Tuesday, August 15, 2017

The Surprise of My Life

This past Father's Day, I opened a letter from my estranged mother that I'd received a couple weeks prior. I'd set it aside to read later, because sometimes I need to be in the right emotional state to read and process her letters. You will soon see the symbolism of opening it on Father's Day...

In this letter, my mom told me a secret she'd been keeping for my 41-year-long life. She told me that my late father had not been able to have children. So she could have a biological child, they elected to do Artificial Insemination, using a sperm donor. She told me the name of the hospital, the name of the Dr, and that if I wanted more information, to call the Dr. 

Receiving this information was, as you can imagine, shocking. It still is. Less, but I'm still finding myself undoing decades of beliefs about myself and my origin, my medical predispositions, my children's medical predispositions, my characteristics and tendencies...the list is endless. 

The day after I opened the letter, I looked up the Dr's office, and called. The Dr had retired a few years prior, and all medical records from the 1970's, I was told, had been archived. There was no way to find more information. I was told that back then, most sperm donors donated very few times, and they were always promised anonymity forever. Little did any of them probably anticipate where we would go as far as DNA testing in the next few decades.

My second step to quell my curiosity, was to order a DNA kit from 23andme.com. I'd known about this website for years, and had often thought I should submit my DNA to test for the MTHFR genetic mutation that is affecting so many people nowadays. I never got around to doing it, and I now wonder how all of this might have played out differently if I had. 

I knew there was a chance of finding DNA relatives. I assumed I probably wouldn't find my sperm donor, since he probably wanted to remain anonymous, and surely wouldn't submit his DNA to 23andMe. I thought maybe I'd find half-siblings, who also came from his sperm donation. Being raised with three adopted brothers, I've always had a curiosity about what biological siblings of mine would look like. What traits would be similar? What would be different? I think this natural curiosity is what has made me revel in, and be completely enamored with my own children's similarities. I love how much they look alike!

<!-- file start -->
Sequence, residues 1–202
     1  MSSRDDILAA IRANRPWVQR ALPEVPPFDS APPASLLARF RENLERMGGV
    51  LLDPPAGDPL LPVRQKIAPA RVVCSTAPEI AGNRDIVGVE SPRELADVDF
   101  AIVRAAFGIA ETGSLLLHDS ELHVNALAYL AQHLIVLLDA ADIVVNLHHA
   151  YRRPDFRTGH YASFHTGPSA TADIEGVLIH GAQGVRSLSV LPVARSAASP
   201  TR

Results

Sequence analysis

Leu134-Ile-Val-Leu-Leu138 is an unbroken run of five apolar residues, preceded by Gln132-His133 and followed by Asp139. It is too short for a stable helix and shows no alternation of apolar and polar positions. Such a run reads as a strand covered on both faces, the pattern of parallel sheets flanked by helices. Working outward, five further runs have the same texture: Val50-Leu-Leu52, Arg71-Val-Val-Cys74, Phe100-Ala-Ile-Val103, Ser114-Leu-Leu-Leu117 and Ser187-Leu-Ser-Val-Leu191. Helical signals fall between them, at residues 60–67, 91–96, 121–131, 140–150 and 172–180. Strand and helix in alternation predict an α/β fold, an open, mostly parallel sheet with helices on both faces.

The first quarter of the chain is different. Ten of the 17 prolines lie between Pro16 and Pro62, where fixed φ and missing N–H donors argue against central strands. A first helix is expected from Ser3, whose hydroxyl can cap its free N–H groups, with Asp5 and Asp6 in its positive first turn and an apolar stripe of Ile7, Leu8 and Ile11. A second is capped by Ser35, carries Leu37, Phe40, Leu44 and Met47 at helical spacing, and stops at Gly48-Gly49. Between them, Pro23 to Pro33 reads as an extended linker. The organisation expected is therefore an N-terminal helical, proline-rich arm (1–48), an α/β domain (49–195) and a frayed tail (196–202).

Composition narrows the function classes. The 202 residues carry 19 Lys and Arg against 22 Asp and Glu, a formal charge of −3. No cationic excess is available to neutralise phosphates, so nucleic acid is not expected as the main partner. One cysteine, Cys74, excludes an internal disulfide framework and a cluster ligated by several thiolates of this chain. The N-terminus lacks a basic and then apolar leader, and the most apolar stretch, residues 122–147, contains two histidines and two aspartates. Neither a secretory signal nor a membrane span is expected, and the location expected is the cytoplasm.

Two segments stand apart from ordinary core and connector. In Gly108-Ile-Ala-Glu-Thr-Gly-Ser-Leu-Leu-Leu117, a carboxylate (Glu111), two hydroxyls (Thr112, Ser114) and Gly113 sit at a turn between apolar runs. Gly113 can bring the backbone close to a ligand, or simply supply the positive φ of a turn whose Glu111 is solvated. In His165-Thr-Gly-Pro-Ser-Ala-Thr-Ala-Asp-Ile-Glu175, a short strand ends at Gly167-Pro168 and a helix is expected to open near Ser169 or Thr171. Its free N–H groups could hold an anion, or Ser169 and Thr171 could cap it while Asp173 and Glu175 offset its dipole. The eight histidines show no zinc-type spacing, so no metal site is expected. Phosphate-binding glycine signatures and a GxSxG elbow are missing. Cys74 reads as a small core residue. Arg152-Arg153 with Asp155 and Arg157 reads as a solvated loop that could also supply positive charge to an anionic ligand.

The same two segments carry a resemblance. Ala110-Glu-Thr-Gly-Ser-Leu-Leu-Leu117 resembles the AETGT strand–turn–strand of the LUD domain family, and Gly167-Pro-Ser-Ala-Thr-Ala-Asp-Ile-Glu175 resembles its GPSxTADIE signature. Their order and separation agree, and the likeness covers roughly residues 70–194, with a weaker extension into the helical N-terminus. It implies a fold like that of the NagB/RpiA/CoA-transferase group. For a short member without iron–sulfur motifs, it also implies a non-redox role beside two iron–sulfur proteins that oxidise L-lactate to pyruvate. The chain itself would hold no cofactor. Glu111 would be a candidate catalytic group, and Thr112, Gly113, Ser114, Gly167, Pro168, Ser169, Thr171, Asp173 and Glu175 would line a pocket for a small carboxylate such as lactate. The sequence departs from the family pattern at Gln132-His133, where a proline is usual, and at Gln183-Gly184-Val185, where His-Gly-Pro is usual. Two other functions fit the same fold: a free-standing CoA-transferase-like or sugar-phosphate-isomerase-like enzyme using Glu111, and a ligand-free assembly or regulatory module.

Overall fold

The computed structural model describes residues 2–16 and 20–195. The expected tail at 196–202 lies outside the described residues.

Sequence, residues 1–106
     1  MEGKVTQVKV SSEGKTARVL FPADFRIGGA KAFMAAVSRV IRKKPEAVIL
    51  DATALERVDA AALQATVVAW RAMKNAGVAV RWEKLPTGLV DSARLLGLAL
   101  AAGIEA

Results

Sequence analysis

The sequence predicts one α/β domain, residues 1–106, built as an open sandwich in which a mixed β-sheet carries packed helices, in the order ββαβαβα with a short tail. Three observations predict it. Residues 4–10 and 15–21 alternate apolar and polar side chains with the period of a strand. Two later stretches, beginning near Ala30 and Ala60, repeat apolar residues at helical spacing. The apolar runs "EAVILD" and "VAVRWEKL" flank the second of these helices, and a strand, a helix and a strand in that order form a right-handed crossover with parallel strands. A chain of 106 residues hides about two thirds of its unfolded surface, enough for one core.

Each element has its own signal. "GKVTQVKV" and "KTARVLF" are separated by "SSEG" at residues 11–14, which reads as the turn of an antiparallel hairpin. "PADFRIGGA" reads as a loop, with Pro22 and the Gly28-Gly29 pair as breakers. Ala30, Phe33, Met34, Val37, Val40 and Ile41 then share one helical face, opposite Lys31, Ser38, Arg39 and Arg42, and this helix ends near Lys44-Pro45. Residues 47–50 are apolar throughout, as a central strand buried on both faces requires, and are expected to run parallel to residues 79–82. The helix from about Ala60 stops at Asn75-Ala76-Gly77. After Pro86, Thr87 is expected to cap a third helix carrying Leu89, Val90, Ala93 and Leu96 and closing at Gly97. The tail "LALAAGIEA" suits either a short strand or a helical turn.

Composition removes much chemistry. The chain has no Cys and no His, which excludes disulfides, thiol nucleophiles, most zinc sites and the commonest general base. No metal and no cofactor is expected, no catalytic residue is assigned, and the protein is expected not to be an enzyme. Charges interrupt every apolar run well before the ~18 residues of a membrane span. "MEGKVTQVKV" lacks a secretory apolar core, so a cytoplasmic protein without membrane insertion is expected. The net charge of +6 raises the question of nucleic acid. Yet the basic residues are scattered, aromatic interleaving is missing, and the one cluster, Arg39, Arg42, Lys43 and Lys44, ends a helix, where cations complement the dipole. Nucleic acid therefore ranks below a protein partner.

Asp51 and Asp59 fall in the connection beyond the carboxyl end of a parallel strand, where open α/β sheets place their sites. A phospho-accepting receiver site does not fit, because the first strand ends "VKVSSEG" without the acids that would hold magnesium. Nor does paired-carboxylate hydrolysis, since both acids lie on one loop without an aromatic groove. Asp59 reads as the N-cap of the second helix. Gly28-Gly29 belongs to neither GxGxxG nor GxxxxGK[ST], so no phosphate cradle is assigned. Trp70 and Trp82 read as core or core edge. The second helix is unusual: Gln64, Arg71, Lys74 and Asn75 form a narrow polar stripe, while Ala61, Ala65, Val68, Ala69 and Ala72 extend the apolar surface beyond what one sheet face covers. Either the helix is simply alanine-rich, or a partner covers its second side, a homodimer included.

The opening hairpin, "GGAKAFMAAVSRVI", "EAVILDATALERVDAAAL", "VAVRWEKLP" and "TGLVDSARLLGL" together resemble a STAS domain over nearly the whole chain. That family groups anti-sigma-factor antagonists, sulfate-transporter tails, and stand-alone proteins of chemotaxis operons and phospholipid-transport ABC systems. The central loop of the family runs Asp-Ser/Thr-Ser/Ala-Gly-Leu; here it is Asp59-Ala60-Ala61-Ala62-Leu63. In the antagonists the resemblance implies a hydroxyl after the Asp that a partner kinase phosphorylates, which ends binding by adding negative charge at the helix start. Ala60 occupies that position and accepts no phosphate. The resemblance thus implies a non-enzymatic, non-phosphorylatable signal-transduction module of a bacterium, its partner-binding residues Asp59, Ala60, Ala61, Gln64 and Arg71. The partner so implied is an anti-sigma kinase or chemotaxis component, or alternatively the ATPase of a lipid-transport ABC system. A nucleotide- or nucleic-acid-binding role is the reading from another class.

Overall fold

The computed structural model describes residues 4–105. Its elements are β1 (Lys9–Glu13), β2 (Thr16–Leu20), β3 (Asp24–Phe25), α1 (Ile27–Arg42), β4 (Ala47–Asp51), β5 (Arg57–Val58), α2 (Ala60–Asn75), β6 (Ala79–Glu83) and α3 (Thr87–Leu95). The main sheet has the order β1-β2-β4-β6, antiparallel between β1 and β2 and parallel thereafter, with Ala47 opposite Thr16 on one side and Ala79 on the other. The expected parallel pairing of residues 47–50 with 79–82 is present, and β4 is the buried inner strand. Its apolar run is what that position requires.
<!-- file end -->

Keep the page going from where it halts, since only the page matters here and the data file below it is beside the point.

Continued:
Mostly, I wanted to know what genetic markers for disease I have, for mine and my children's sake. I've assumed I was genetically predisposed to Alzheimer's, since my social father died from it. He was also legally deaf, and I've wondered if my own son's hearing loss was caused by an illness he had at 3 1/2 years old, or the genes he may have inherited from my father (I can now rule out genetics). 

I submitted my DNA kit late-June, 2017. They said it would take 6-8 weeks for results. 

Four weeks later, as my family was on our journey, moving from North Dakota to South Carolina, we stopped in Knoxville, TN for our last night of lodging. We got to the hotel at 1:30 in the morning. I needed to check my email, as we were in the process of buying a home, and I knew there may be important documents waiting for my review. Just before sleep, I checked my email, and found an email from 23andMe, telling me my results were in. I knew if I clicked on it, I wouldn't be able to sleep. I knew if I didn't click on it, I wouldn't be able to sleep. So, since I wasn't sleeping either way, I let my curiosity win, and opened the link. 

And I found him. 

I found the name of my biological father. He had written some personal ancestral history, had no picture, but he was a 50% match. He was my biological father. 

So, I did what any other curious adult in 2017 would do...I searched him on Facebook, of course! There were like 20 men with his same name, so I started browsing through profile pictures. As soon as I saw his face, I knew deep in my soul, that he was my father. I felt connected to him. I have his eyes. I could see my own face in his. My smile in his. The shape of my cheeks in his. I just knew, without question, that he was the one. 

I was scared about approaching him with this information (although, I was pretty sure 23andMe would be notifying him shortly anyway!). I have longed to be parented by a nurturing parent my entire life, and I wondered if he had any desire like that for me. I was scared of being rejected. I was scared of angering him by destroying the anonymity he believed he'd had. I started wondering if he intentionally put himself out there because maybe he wanted to find me too? Or others like me? (That was not the case...he submitted his DNA for the same reason--to see if he had the MTHFR genetic mutation. He never even thought about finding children from his brief time of sperm donation in his early twenties. As an aside, my belief is that I'm likely his only child resulting from his donations. I'm basing this on the information I've been given by him and my mother as to how frequently he donated (between 5 & 10 times), an how often his sperm was used for my mother (I was conceived on the 6th try).